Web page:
Things, like rescue attempts from housetops, seem to fall between the cracks when we believe there is distance between us and the Creator. People have been ruthlessly programmed through centuries of mainstream religious teachings to look ‘out there’ for answers. They have been taught to see authority figures (clergy, priests, popes) and conventional institutions (churches, synagogues, parishes) as intercessors to speak in their behalf to a god ‘out there.’
There are many scriptures used to support this belief. The three that follow are representative of the mainstream religious Helicopter God concept:
“As an eagle stirreth up her nest, fluttereth over her young, spreadeth abroad her wings, taketh them, beareth them on her wings” (Deuteronomy 32:11).
“For as a belt is bound around the waist, so I bound all the people of Israel and all the people of Judah to me,” declares the LORD, “to be my people for my renown and praise and honor” (Jeremiah 13:11).
“How often I have longed to gather your children together, as a hen gathers her chicks under her wings” (Matthew 23:37-39).
We believe a MetaSpiritual interpretation of these verses all reflect the longing of our human self to be consciously one with our Higher Self, and that the gifts of our 12 Powers are always present to give us the inner guidance and resources to manifest from the Field of Infinite Potential.
Let Go of the Helicopter God
As you continue to unfold your spiritual nature outside of the limited perspectives of organized mainstream religions, you come to understand that there is no external, anthropomorphic force that acts upon you; that guides you if you’re dutiful; that heals you instead of someone else, or heals someone else instead of you; that rewards believers, but punishes sinners; that sacrificed His Son to purge the world of sin, but then allows humankind to sin anyway.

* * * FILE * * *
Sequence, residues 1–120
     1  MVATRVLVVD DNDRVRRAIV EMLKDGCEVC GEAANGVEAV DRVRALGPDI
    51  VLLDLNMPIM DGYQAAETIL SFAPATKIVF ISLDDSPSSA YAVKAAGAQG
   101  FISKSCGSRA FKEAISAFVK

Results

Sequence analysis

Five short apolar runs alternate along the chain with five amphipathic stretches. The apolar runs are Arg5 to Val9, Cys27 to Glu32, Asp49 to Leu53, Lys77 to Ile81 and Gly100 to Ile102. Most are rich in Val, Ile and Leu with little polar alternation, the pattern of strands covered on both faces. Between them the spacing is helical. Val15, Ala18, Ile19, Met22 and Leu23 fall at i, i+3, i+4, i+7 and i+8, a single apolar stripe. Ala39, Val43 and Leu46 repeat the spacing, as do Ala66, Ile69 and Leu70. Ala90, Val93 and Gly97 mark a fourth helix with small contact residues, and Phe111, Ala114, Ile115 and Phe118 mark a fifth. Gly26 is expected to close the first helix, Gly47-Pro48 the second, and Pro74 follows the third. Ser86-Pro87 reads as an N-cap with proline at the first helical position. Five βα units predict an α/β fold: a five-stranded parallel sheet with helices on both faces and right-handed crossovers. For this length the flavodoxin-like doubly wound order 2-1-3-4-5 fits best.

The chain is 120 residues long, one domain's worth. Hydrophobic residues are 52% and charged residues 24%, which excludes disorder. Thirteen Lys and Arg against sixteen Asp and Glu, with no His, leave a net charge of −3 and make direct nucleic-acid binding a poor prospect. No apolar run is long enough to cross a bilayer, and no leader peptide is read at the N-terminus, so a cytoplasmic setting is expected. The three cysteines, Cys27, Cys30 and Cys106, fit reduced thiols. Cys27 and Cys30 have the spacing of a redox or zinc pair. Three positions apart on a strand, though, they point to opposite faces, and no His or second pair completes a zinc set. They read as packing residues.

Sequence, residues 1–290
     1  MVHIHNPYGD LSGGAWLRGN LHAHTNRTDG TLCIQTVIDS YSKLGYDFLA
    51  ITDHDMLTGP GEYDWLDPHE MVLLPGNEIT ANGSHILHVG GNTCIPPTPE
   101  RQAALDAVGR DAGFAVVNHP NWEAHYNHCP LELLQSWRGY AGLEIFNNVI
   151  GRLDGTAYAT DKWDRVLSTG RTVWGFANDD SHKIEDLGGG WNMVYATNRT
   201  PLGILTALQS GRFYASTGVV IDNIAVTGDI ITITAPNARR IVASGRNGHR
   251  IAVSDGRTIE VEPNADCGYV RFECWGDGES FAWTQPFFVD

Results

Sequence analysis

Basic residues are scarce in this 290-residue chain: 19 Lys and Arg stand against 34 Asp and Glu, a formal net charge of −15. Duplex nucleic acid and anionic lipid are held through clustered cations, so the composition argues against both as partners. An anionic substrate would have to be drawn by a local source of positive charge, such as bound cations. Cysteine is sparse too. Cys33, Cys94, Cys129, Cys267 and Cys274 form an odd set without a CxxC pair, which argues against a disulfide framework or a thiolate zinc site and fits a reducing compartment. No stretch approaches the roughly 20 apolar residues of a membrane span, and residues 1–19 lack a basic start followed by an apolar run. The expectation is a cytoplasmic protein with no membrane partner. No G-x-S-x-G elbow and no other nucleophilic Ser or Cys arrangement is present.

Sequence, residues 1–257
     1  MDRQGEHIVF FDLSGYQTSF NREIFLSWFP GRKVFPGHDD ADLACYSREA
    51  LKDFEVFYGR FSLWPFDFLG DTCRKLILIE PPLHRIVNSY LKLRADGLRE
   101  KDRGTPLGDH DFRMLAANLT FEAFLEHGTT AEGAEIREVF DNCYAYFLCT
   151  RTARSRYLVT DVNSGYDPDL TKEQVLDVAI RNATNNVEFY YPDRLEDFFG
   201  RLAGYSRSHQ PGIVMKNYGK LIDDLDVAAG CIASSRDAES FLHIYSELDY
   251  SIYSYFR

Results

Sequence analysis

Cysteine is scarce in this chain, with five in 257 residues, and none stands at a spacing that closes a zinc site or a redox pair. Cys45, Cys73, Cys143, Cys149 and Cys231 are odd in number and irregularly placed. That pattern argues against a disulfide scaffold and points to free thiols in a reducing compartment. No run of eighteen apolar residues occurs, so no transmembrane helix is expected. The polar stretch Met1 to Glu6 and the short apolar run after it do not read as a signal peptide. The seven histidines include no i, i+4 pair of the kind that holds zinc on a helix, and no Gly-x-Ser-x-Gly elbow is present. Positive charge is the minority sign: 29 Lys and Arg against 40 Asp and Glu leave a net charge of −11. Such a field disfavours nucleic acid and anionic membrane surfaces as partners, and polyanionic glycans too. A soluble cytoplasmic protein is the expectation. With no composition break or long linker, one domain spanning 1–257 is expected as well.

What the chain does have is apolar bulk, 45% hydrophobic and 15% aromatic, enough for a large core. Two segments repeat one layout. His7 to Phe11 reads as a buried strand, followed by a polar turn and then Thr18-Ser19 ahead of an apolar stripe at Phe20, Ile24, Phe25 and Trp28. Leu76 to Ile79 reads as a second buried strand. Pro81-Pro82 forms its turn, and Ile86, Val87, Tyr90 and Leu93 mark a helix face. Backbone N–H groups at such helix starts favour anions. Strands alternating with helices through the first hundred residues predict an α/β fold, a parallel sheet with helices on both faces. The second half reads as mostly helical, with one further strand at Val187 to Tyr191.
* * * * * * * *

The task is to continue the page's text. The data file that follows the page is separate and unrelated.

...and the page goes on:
These are established Helicopter God views. But in the principles of universal unity and oneness as taught by physicists, neuroscientists, epigeneticists, biologists and metaphysicians, you are not a creation of God, molded and shaped and set on the path of life ‘down here’ in skin school. You are the Force or Presence of the Eternal Presence we call God expressing Itself as you in human form.
The mainstream religious God as the potter, the watchmaker, the chessmaster, the punisher of sins, the white-bearded Zeus-like author of the Ten Commandments has lost its relevance and believability for those who consider themselves to be more spiritual than religious. As we’ve mentioned previously, such a micro-managing anthropomorphic, drone-buzzing God in the sky has never existed.
Embrace A Spiritual Perspective of God
The God of our understanding is an Eternal Presence that is the Ground of all Being. Its omnipresence, omnipotence, omniscience, and omni-activity are timeless and limitless. The God of our understanding is not bound by rotor blades, cockpit, downdrafts, gravity, cosmic inflation or the speed of light. Nor does the God of our understanding sit nonchalantly by and let bad things happen to good people. The God of our understanding is certainly not a white-bearded goodie God in the sky that gives you things and expects to be worshipped.
We invite you to reflect on the God of your own understanding. We affirm that your thoughts and insights will have both landing gears as well as wings — as you walk the spiritual path on practical feet!